Are Marshmallows Dairy-Free?
Marshmallows are a delicious treat that can be eaten alone or as part of a dessert recipe. But are marshmallows appropriate for dairy-free diets? Let’s see what ingredients are in marshmallows and whether those who are dairy-free or lactose intolerant can eat these tasty treats.
Marshmallows – What Are They?
Marshmallows are puffy, pillowy sweet treats that usually have a hint of vanilla in the flavor. What makes marshmallows special is their soft, squishy texture. They’re also incredibly versatile! You can have marshmallows as they are or use them in various recipes.
Toasting marshmallows over a campfire is one of the most popular ways to enjoy them. When the sugar gets hot enough, it begins to break down into smaller molecules that react with one another.
These reactions change the marshmallow’s flavor and texture. It becomes a bit crispy on the outside and extra gooey on the inside. The heat also adds nutty, fruity, buttery flavors and aromas.
Sandwich the toasted marshmallow with a piece of dairy-free chocolate between two halves of a graham cracker, and you’ve made a s’more. If you’ve ever had one, you’ll know these yummy treats are addictive!
You can also use marshmallows to make Rice Krispie treats, on top of sweet potato casserole, on top of ice cream, or as a decadent filling in loaded baked apples. There are tons of delicious ways you can use this sweet treat.
One of my favorite ways to enjoy them is in my Healthy Hot Chocolate recipe. It’s a super satisfying, gooey taste sensation, especially on a cold day!
Did you know that Ligonier, Indiana is the marshmallow capital of the world? Marshmallow production is one of the biggest industries in the area, and they have an annual marshmallow festival.
Here are some other fun facts about marshmallows:
- Americans buy over 90 million pounds of marshmallows every year.
- Marshmallows originally came from Egypt around 2000 BC.
- The French began producing marshmallows in the early to mid-1800s.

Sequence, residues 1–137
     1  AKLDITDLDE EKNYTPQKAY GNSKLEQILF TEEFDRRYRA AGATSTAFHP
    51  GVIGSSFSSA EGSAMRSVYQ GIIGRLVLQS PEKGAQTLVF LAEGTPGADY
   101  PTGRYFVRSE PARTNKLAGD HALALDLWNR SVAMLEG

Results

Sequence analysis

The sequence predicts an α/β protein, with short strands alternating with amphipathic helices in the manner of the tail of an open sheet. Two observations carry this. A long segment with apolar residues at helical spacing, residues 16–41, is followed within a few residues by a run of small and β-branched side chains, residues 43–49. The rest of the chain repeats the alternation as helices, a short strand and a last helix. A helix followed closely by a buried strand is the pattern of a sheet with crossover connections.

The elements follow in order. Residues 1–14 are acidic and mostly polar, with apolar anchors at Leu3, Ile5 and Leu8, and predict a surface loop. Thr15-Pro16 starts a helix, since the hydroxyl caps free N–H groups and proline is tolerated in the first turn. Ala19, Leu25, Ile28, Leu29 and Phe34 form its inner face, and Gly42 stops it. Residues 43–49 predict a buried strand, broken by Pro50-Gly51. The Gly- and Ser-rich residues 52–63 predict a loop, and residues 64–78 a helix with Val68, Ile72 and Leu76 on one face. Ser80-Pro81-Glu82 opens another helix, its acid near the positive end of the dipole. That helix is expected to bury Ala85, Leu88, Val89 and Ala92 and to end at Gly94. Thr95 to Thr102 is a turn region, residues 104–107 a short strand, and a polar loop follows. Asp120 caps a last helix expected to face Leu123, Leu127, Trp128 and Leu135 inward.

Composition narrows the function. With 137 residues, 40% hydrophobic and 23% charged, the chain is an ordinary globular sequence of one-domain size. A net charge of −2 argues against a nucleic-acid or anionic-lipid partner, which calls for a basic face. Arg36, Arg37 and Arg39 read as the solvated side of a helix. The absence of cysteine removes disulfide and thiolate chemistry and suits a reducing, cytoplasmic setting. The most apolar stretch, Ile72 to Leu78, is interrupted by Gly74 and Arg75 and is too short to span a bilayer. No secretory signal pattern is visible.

- Marshmallows were medicine in the 1800s! Doctors mixed marshmallow sap with sugar and egg whites to make meringues used for coughs, sore throats, and wounds.
- August 30th every year is National Toasted Marshmallow Day in America.
What Are Marshmallows Made Of?
Originally, marshmallows were made from the mallow plant (Athaea Officinalis) that grows wild in marshes. Ancient Egyptians would squeeze the sap out and mix it with honey and nuts. It was a special treat reserved for royalty and gods.
For the traditional marshmallow that we know now, French candy-makers whipped the mallow sap and other ingredients into a fluffy mold. It took a lot of effort, which made marshmallows a delicacy. We’re lucky that marshmallows are available in most grocery stores these days.
Since marshmallows in grocery stores are manufactured, each company will have its own recipe. Most marshmallows contain a sweetener like cane sugar, dextrose, tapioca syrup, or corn syrup, as well as gelatin and a stabilizer like corn starch or tapioca starch. They also contain whipping aids like tetrasodium pyrophosphate and natural or artificial flavoring.
There’s a marshmallow product called marshmallow creme or fluff. It has a thinner texture and is used to spread or scoop. Instead of gelatin, marshmallow creme usually contains egg white and cream of tartar as the main ingredients.
As you can see, marshmallows and marshmallow products don’t usually contain dairy, but some of the ingredients are not exactly healthy.
Does that mean you’ll have to avoid marshmallows to eat healthfully? Not exactly. Thankfully, there are different brands of marshmallows, and some are healthier than others. Let’s explore these.
See my related article on the benefits of a dairy-free diet.
Popular Brands Of Marshmallows (Dairy-Free Options)
Yes, most brands of marshmallows are dairy-free, and they’re not hard to find at most grocery stores. Look for them in the baking aisle of your grocery store or use the links below to shop online.
Always be sure to check the ingredients list for dairy ingredients or contamination risks. Stay away from artificial flavors and preservatives.
Here are some of the most popular marshmallow brands in the United States.